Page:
As hardcore horror fans, sometimes it feels like you’ve seen it all. There are no surprises left to discover, no classic slasher film waiting around the corner to thrill you and slap a childlike grin on your face. You try to feed the fix by searching through lists of “The Scariest Films You’ve Never Seen” only to come across titles like “May”, “The Descent”, and “Suspiria”. These are, of course, films that us diehards know and love all too well. That’s where I come in, dear reader. We’ll be taking a deep dive into the bowels of obscure horror from decades past and uncovering titles that might have fallen “Through the Cracks”…sometimes imitated but never duplicated. 😉
Alien Abduction: Incident in Lake County (1998)
AKA: The McPherson Tape,
Directed By: Dean Alioto
It’s slim pickings’ when it comes to Thanksgiving horror films. Everyone knows (or should know) about the over the top gory-glory that is Blood Rage. Beyond that, there’s only a smattering of other titles worth calling attention to. Our own Meagan Navarro did just that. In an attempt to discover a worthy “Through the Cracks” entry for Thanksgiving, I plopped down with 1981’s Home Sweet Home starring Body by Jake as a wild eyed, maniacal slab of beef of a man who goes on a killing spree during a dysfunctional family’s festive get together. Unfortunately, I found it to be a complete slog to get through. Half way into the runtime, I hit “stop” on that one. As I’m sure you’re aware, I have a high threshold for cruddy 80s trash, but even I couldn’t handle this one. That said, I’m sure there’s a situation where watching it with a group of like minded midnight movie fans could make it more palatable. I quickly needed to switch gears and find something else.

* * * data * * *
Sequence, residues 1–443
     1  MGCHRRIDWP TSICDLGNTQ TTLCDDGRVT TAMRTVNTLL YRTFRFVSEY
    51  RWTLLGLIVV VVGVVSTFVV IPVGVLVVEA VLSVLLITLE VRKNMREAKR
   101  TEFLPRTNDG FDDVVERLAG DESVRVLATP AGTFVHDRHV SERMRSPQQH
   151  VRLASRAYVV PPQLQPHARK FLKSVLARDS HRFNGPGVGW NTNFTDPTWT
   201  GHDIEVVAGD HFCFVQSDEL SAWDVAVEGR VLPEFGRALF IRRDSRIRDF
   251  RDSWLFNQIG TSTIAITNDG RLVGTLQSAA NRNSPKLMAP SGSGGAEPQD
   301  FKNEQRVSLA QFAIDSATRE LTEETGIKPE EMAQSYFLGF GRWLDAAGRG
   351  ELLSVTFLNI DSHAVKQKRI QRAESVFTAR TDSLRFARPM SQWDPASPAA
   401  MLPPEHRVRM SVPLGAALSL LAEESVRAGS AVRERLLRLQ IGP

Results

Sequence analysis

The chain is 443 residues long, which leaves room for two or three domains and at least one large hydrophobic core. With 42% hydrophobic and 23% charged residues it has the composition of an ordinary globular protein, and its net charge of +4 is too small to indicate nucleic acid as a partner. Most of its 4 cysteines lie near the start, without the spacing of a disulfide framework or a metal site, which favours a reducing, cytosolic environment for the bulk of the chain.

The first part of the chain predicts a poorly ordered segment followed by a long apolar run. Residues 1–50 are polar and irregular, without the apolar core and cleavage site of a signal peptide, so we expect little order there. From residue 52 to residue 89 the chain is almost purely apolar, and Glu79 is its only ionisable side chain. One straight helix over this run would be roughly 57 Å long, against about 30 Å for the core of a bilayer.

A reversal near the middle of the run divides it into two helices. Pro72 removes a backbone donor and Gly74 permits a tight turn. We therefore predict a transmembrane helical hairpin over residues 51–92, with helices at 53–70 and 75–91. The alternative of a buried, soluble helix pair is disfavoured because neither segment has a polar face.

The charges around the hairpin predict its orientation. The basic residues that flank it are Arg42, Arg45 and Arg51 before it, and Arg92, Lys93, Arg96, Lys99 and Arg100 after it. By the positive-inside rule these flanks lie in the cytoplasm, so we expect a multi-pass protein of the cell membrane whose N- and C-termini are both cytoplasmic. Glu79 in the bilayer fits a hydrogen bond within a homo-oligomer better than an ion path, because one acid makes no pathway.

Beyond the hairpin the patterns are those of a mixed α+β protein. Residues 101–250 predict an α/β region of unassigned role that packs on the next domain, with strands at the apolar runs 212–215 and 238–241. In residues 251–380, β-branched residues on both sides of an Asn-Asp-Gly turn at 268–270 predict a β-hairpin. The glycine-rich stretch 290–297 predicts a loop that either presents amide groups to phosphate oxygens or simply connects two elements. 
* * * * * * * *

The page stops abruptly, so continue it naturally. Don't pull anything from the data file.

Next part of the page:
Alien Abduction: Incident in Lake County is something of a trailblazer for its time. Originally aired on UPN January 20th 1998 to much audience confusion as to its validity, Lake County is a found footage flick that predated the release of The Blair Witch Project by one year. Sure, Cannibal Holocaust was really the first horror film to adopt the narrative style, but Daniel Myrick and Eduardo Sánchez put the subgenre on the map. But, even before we dive into this made for television shaky cam fest, it should be noted that Lake County is a remake! Ten years earlier, director Dean Alioto was itching to make his first feature. He had no money and one great idea, “War of the Worlds with video.” A simple conceit was turned into a truly authentic hour long feature aptly titled UFO Abduction.
Alioto provided a fantastic interview to the gang over at Found Footage Critic last year chronicling the making of both films. If you’re interested in the films at all, or in true no-budget filmmaking, I highly recommend giving it a read. In the film, a five year old girl’s birthday party is interrupted when three Greys show up and start picking them off one by one. The film is a success in the sense that it often feels real and hardly anything is seen (or at least can be seen in the VHS rip that remains of the film’s release). It falters, however, in being painstakingly boring. It really carries the air of being forced to watch that guy at work’s family video that he is certain you will for some unknown reason enjoy. The production was carried out in one night using mostly improvised dialogue and untrained actors. Despite the film’s drawbacks, it’s an exciting experiment that went on to spawn numerous conspiracy theories as people began to “discover” the tape in UFO believers’ circles.